Print enthusiasts turn to tech properties to build multiplatform publishing empires through memberships and events
As Lucia Moses at Digiday put it, “In the quest for new sources of revenue, publishers have been launching subscription programs and events series.”
Moses reports, “Condé Nast’s Wired Media Group, consisting of Wired, Ars Technica and Backchannel, is going a step further. It’s launching a membership program for executives who want to stay on the cutting edge of technology. For $4,000 a year, members of the Emerging Technology Council (and up to four of their colleagues) get access to in-person and virtual events where they can hear presentations by tech startups; join a 24/7 online community; receive a newsletter (likely monthly) and other perks. The first event, set to take place in January, will be a virtual discussion on intelligence and machine learning with Ars Technica founder and editor in chief Ken Fisher.”
Kim Kelleher, CRO of the Wired Media Group says, “If you’re brand that’s a leading influencer, you can see an opportunity to deeply engage with the tip of the pyramid.” Pyramid, you say? At Mequoda we love using the Mequoda Pyramid to represent consumer attraction and revenue generation. The Mequoda Media Pyramid supports the notion that media products have a natural hierarchy.
Publishers implementing a vertically integrated strategy begin the base of their pyramid with free media. They create many free products in many formats and recycle, reuse, and republish content. Finally, they are able to pull customers up the pyramid to maximize profit. When you hear the word “pyramid” in the world of business, your thoughts may go in a different direction but at Mequoda, we’ve found a pyramid to be the best way to show how any publishing business makes money. Like an upside-down funnel, you have your largest audience at the bottom, typically your non-paid users, and as you grow toward the top, you can see how your users eventually convert into paid users for products at higher price points. Each succeeding audience is a smaller group accessing the platform, while their investment of time and money goes up.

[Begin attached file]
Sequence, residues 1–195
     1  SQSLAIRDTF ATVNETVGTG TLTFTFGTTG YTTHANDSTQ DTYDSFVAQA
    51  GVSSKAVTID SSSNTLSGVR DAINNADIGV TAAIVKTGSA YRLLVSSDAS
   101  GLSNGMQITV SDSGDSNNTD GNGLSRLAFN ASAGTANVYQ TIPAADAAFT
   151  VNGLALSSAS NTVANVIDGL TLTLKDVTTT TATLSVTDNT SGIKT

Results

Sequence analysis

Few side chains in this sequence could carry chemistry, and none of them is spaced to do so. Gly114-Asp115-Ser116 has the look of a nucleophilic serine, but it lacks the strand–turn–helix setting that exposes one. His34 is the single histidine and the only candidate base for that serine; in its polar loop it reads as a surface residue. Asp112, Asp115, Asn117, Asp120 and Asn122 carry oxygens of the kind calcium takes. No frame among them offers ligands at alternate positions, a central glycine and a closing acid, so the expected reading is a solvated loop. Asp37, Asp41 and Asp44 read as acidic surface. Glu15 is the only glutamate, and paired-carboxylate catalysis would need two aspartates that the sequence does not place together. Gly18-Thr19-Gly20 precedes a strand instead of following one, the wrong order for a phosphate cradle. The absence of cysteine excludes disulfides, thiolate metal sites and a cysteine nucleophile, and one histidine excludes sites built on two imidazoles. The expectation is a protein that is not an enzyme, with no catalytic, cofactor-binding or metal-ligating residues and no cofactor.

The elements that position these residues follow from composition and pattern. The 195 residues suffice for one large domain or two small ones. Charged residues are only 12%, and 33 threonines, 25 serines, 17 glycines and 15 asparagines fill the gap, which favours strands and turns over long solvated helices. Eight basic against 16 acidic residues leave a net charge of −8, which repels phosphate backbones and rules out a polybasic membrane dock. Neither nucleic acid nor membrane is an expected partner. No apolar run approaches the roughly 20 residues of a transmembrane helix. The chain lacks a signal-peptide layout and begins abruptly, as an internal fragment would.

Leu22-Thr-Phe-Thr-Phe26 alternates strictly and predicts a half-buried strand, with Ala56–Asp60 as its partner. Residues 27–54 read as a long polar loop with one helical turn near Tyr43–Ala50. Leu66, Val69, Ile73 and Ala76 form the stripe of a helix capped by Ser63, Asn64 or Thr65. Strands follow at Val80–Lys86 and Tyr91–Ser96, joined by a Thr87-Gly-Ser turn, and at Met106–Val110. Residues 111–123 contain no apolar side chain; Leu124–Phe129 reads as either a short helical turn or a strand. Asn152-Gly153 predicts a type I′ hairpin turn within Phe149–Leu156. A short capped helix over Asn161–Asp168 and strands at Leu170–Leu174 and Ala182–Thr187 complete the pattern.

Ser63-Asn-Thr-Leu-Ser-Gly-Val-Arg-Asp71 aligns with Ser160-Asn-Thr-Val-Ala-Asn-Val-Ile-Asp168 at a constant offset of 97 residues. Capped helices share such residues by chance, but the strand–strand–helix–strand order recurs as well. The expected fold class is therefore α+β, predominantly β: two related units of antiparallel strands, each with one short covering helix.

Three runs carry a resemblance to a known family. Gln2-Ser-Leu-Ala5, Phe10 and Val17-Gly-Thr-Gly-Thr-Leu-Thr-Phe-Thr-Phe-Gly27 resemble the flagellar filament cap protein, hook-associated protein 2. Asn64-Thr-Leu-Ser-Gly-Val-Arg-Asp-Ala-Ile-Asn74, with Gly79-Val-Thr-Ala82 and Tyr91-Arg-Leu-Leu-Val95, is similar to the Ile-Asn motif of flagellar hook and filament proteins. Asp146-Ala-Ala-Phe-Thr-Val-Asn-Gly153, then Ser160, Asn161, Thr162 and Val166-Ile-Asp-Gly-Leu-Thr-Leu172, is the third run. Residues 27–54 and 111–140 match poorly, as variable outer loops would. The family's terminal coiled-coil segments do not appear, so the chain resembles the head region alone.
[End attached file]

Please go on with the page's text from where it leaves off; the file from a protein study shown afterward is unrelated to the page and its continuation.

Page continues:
And with this strategy, Conde Nast is definitely bringing consumers to the tippity top of their pyramid. Moses reports that Erick Schonfeld, also the former editor of TechCrunch, “said he got the idea for the format when he saw that conferences didn’t do a great job at keeping people connected in between events.”
“From the point of view of the event organizer, you’re essentially starting from scratch every time,” he said.
“The model he came up with blends industry conferences with a peer-to-peer leadership council. It has similarities to ones offered by National Journal, which charges $5,000 to $50,000 a year, depending on the size of the organization, for specialized research and tools plus networking events. Slate has Slate Plus, which gives members special access to its journalists and events for $35 a year. Community is part of the benefit of the $399-a-year subscription to The Information,” reports Moses.
To keep the ship afloat, Moses says, “Having an ongoing membership program requires extra caretaking; the Wired Media Group program will have 10 people dedicated to it, six from the media group and four from TTP, not including Wired Media Group editors who will participate in the virtual events. Then there’s challenge of selling the program itself.”
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